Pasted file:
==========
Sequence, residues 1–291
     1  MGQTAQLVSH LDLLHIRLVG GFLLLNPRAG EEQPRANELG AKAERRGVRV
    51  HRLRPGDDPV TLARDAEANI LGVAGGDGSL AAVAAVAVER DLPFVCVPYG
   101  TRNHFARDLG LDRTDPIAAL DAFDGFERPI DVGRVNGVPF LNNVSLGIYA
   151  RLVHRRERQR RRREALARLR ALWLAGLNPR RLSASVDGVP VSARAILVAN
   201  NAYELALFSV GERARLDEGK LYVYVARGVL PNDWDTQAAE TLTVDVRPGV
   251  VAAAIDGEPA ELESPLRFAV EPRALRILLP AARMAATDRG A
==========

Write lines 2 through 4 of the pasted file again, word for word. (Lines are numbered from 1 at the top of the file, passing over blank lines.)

     1  MGQTAQLVSH LDLLHIRLVG GFLLLNPRAG EEQPRANELG AKAERRGVRV
    51  HRLRPGDDPV TLARDAEANI LGVAGGDGSL AAVAAVAVER DLPFVCVPYG
   101  TRNHFARDLG LDRTDPIAAL DAFDGFERPI DVGRVNGVPF LNNVSLGIYA